Director Ryuhei Kitamura has been riding fairly high after the success of his Asian-noir opus, Versus (2000). Not only is there a sequel to Versus in the works, and not only did he write and direct the (allegedly) series-capping Godzilla: Final Wars, but he has also continued making his trademark action flicks about gun-pointing, sword-toting violence junkies. Following directly on the heels of Versus is the film at hand: Alive.
This flick attempts to marry outlandish martial arts action to high-concept science fiction, but it gets off to a slow start by emulating futuristic incarceration thrillers. You know the kind: Cube (1997) and La Femme Nikita (1990) stand towards the more tolerable end of the sub-genre, looking nervously towards Fortress (1993) and Deadlock (1991), which wallow in their own filth at the other. Whether you call them Freudian fixation films or Jerk-in-a-Box cinema, however, these movies aim to explore the future of criminal punishment and the psychological consequences of being sequestered in a poorly lit steel cell.
Alive seems little different at the beginning but soon it becomes difficult not to notice the unusual parameters of this particular prison. First there's the fact that it has only two prisoners -- Tenshu Yashiro (Hideo Sakaki) and Zeros (Tak Sakaguchi) -- both of whom apparently "survived" their executions by electrocution. Then there's the stylish furniture (glass dining tables with halogen lights mounted beneath them?), and the size of the cell itself: plenty large enough to play host to some vicious hand-to-hand combat and even a smallish gun battle. We suspect the pitch went something like: "It's crazy kung fu action meets The Odd Couple! Can two condemned murders share an apartment without driving each other crazy?"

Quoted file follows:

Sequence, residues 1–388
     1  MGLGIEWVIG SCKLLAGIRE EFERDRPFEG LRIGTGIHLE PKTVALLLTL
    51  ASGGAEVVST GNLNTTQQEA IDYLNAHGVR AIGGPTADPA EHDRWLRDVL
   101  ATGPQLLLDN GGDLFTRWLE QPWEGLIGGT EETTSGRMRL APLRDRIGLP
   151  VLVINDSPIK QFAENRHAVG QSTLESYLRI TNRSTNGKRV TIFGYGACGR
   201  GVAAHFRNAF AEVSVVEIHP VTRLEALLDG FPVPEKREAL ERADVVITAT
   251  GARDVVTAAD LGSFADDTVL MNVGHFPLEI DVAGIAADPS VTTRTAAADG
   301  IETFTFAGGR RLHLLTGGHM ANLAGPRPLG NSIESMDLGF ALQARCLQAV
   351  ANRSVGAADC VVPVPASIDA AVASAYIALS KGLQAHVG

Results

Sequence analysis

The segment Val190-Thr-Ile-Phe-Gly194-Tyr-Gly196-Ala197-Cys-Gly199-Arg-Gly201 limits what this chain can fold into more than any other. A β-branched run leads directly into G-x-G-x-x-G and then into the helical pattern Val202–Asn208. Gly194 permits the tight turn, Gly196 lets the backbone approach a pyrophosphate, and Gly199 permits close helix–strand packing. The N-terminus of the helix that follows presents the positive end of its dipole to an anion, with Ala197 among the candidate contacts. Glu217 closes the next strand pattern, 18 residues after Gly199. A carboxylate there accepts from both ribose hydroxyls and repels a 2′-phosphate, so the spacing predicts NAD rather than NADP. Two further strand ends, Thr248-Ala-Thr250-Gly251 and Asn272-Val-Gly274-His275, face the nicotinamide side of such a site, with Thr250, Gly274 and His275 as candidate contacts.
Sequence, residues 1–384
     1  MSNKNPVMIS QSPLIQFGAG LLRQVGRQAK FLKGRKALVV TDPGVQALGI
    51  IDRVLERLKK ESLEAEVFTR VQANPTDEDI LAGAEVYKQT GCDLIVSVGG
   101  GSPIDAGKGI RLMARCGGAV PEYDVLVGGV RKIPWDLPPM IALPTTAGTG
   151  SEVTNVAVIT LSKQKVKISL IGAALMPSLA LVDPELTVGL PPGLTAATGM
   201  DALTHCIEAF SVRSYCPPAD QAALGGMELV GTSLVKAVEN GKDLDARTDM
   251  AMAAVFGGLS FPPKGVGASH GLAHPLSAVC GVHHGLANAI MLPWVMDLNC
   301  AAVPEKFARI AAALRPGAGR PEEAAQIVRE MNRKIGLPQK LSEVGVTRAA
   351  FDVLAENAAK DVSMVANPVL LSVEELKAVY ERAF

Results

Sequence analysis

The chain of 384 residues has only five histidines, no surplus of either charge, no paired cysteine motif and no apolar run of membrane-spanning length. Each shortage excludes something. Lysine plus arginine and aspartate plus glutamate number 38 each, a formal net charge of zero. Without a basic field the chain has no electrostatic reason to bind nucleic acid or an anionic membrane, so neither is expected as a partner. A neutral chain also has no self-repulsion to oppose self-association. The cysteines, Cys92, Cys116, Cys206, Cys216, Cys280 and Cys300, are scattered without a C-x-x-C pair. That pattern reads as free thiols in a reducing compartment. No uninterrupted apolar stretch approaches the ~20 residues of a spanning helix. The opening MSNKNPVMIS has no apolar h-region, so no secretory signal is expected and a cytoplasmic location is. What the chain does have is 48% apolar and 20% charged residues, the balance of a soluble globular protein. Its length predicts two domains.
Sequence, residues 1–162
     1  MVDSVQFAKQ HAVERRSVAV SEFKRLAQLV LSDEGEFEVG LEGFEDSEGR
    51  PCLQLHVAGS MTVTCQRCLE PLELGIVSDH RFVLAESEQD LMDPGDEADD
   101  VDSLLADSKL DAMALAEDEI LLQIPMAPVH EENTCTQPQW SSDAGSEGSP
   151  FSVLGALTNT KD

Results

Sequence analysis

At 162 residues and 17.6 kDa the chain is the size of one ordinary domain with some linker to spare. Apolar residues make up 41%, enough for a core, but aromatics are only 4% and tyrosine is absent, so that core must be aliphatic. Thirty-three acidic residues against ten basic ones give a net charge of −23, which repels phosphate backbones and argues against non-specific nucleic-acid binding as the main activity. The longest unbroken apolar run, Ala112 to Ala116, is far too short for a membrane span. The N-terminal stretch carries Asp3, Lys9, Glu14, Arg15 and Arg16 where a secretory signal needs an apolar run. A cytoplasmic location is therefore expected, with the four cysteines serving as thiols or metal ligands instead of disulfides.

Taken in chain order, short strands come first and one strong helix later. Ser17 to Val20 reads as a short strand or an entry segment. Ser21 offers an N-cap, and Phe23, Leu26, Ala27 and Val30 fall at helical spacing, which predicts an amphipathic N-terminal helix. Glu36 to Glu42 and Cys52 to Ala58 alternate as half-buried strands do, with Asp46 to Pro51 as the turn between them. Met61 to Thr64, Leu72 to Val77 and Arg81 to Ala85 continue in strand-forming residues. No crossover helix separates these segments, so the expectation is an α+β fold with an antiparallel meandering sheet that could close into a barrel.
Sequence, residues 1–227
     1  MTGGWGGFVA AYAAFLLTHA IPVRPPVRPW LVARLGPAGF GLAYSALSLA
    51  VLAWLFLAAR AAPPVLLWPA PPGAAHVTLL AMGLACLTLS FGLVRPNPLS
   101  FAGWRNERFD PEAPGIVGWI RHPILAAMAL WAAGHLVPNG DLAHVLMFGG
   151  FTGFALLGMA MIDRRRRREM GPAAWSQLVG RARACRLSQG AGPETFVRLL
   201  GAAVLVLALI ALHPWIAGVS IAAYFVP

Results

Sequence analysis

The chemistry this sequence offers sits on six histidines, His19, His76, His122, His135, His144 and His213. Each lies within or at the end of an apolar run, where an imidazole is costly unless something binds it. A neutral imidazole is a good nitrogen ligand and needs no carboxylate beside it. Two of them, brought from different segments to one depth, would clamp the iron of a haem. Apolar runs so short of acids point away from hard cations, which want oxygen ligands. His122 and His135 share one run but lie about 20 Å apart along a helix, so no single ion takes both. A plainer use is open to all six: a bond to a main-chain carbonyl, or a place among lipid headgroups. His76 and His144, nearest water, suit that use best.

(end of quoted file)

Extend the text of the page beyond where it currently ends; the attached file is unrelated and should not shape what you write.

We're supposed to dismiss all of this setup, however, by dint of the fact that the prisoners are taking part in an experiment. Our idea of a good experiment involves corrosive chemicals, fireworks, and of course remus monkeys. Sadly, the future Japanese government's idea of an experiment involves whining convicts, white alligator skin boots, and long stretches of empty screen time. We'll give them points for the boots, but would it have killed them to throw in a monkey or six?
"You need to pay extra to
get a good key light."
The cellmates are, as they rightly surmise, subjected to various tortures (starvation, sleep deprivation, and others) to incite them to kill one another. Yashiro killed the men who raped his girlfriend, and Zeros is a mad dog rapist who gets off on killing women, so you wouldnt think this would take long, but Yashiro displays a remarkable tenacity in keeping both men alive despite Zeros' best efforts. It is then revealed to the prisoners that there is a third prisoner in a room next to theirs. This prisoner is a woman, which completely subverts the underlying homosexual conflicts from the original Odd Couple. (This is the problem with remakes -- the director always wants to screw around with the plot.) This newfound neighbor talks like a bad anime villain and claims to be a witch.